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Archive: November 2017

A Phase II Clinical Trial of an Aromatase Inhibitor for Postmenopausal Women with LAM

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Lymphangioleiomyomatosis (LAM) predominantly affects women and can worsen with pregnancy, estrogen treatment, and the menstrual cycle, which suggested an important role for estrogen in the development and progression of this disease.

In preclinical laboratory studies, estrogen appeared to promote the growth and spread of LAM-like cells, while suppression of estrogen reduced the survival of LAM cells. In other human clinical trials, there has been a suggestion that lung function declines more slowly in LAM patients after menopause, although this was not clear when this clinical trial was being developed.

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Tags: Research
Categories: Educational Resources

Lobbying for LAM

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We often hear about the power of lobbyists/advocates and their ability to take on a specific cause with the goal of influencing change. But when The LAM Foundation decided to gather a group of LAM patients, family and friends in Washington, D.C. to advocate for LAM awareness and the need for continued funding of the NIH, it presented an opportunity almost as rare as the disease itself.

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Tags: Advocacy Capitol Hill
Categories: Events

Management of Pneumothorax – What is the Best Strategy?

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Pneumothorax (collapsed lung from accumulation of air between the lung and the chest wall) is a significant problem in patients with LAM. Up to 70% of patients will ultimately develop at least one pneumothorax in their lifetime and this is often the first sign of LAM. Most commonly, the pneumothorax occurs spontaneously without inciting factors (such as vigorous exertion). Unlike patients with Primary Spontaneous Pneumothorax (which occurs in patients without apparent underlying lung disease) who have about a 25% risk of recurrent pneumothorax after a first episode, three-quarters of women with LAM suffer from recurrence if nothing is done to prevent it. In a survey conducted from The LAM Foundation database, participants reported an average of 3.5 episodes of pneumothorax resulting in an average of one month total spent in the hospital.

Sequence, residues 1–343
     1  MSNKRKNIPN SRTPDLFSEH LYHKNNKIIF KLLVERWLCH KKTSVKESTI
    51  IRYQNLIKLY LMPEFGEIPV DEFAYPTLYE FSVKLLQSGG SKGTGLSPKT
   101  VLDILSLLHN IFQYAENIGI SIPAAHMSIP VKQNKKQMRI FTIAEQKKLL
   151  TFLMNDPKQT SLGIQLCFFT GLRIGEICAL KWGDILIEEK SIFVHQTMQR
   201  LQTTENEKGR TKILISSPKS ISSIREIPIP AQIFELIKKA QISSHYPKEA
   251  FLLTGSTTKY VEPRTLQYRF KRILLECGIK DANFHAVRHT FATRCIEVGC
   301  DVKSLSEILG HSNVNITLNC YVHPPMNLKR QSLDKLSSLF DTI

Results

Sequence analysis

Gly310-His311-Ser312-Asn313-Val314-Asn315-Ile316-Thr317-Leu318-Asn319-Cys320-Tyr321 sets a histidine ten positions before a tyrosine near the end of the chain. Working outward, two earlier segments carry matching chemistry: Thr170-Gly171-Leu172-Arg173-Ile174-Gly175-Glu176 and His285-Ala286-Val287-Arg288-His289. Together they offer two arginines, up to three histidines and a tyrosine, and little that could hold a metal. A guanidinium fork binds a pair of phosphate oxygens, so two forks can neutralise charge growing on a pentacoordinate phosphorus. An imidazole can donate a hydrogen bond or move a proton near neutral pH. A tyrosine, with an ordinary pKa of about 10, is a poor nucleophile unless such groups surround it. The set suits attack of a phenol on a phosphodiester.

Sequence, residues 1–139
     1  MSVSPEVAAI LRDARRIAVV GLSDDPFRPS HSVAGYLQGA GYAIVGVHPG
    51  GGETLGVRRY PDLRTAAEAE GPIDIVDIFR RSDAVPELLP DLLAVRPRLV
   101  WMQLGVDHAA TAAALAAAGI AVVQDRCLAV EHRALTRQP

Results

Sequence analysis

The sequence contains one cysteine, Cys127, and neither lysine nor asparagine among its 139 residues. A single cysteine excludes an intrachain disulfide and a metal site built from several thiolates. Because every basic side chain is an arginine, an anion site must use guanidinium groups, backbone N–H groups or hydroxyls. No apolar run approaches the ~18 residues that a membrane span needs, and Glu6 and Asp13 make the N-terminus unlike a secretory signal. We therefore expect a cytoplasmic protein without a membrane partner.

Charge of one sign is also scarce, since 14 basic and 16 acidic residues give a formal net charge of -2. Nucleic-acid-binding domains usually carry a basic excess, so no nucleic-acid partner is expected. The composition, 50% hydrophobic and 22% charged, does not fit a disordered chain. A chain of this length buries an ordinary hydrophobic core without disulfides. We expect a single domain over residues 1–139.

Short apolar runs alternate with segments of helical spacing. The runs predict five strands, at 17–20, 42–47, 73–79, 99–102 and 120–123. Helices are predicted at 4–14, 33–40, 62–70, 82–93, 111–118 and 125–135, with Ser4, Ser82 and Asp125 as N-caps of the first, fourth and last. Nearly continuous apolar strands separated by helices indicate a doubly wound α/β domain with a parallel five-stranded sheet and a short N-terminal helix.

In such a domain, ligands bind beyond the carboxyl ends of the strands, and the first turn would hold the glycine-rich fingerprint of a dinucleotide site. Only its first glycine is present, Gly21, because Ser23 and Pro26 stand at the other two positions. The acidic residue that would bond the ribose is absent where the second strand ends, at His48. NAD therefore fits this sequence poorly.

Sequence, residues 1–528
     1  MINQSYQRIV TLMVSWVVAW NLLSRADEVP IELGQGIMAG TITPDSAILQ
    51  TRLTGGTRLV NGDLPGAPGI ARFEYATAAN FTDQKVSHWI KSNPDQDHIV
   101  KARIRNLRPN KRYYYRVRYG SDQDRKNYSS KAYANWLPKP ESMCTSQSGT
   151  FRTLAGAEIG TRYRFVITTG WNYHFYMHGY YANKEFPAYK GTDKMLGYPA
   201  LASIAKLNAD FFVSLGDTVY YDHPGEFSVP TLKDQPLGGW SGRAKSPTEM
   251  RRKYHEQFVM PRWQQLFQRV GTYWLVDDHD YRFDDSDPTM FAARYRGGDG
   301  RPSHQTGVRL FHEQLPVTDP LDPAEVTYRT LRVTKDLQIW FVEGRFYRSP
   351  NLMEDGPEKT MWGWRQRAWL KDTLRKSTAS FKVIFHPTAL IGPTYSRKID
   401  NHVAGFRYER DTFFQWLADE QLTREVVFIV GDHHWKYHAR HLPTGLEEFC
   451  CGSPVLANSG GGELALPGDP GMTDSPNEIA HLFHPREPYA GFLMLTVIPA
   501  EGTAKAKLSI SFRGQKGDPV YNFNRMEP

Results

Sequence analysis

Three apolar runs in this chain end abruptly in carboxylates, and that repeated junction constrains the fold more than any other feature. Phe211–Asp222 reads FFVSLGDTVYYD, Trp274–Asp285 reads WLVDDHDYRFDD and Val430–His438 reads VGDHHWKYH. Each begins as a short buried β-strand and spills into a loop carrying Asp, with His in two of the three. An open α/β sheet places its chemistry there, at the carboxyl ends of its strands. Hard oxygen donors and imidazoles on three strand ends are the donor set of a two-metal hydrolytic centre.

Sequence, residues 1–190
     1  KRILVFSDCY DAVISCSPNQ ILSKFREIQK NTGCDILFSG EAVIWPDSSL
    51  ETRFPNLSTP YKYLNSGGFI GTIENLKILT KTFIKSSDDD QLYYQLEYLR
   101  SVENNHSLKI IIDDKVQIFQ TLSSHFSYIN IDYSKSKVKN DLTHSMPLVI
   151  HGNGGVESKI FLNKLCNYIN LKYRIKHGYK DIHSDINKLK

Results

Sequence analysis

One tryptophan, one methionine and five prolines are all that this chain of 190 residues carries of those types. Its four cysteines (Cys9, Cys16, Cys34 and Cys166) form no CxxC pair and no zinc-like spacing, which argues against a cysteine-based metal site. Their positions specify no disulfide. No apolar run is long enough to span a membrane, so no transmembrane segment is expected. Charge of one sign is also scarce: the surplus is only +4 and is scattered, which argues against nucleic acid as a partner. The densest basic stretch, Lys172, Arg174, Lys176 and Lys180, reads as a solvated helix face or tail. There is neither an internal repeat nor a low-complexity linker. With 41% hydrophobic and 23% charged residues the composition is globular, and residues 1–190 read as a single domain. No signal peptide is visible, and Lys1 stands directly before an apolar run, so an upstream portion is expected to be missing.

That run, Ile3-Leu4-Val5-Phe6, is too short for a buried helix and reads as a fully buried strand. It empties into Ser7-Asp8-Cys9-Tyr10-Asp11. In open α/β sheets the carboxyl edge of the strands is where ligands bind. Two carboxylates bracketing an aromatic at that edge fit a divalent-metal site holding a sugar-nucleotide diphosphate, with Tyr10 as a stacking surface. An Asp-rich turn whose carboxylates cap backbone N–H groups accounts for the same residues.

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Tags: pneumothorax
Categories: Educational Resources

Pulmonary Lymphangioleiomyomatosis (LAM): A Monogenic Neoplasm That Provides a Window into Cancer

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The LAM community including LAM researchers, clinicians and patients has made incredible progress over the last 20 years. Frank McCormack and I were honored to write an invited review article “Lymphangioleiomyomatosis: A Monogenic Model of Malignancy” for the prestigious The Annual Review of Medicine, which covers significant developments in various fields of medicine since 1950.

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Tags: Research
Categories: Educational Resources

The Gift of New Lungs and New LAM Cell Discoveries

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In early July, LAM Patient, Linda Grunberg received a much-anticipated call from the lung transplant program at the Hospital of the University of Pennsylvania (HUP), that it was her turn to receive new lungs. After living with LAM for nearly 20 years, she was certainly ready, “As a LAM patient, I've been coming to HUP for 19 years and had the utmost confidence that this would be the best place to have my transplant.”

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Tags: Lung Transplant Tissue Donation
Categories: Educational Resources

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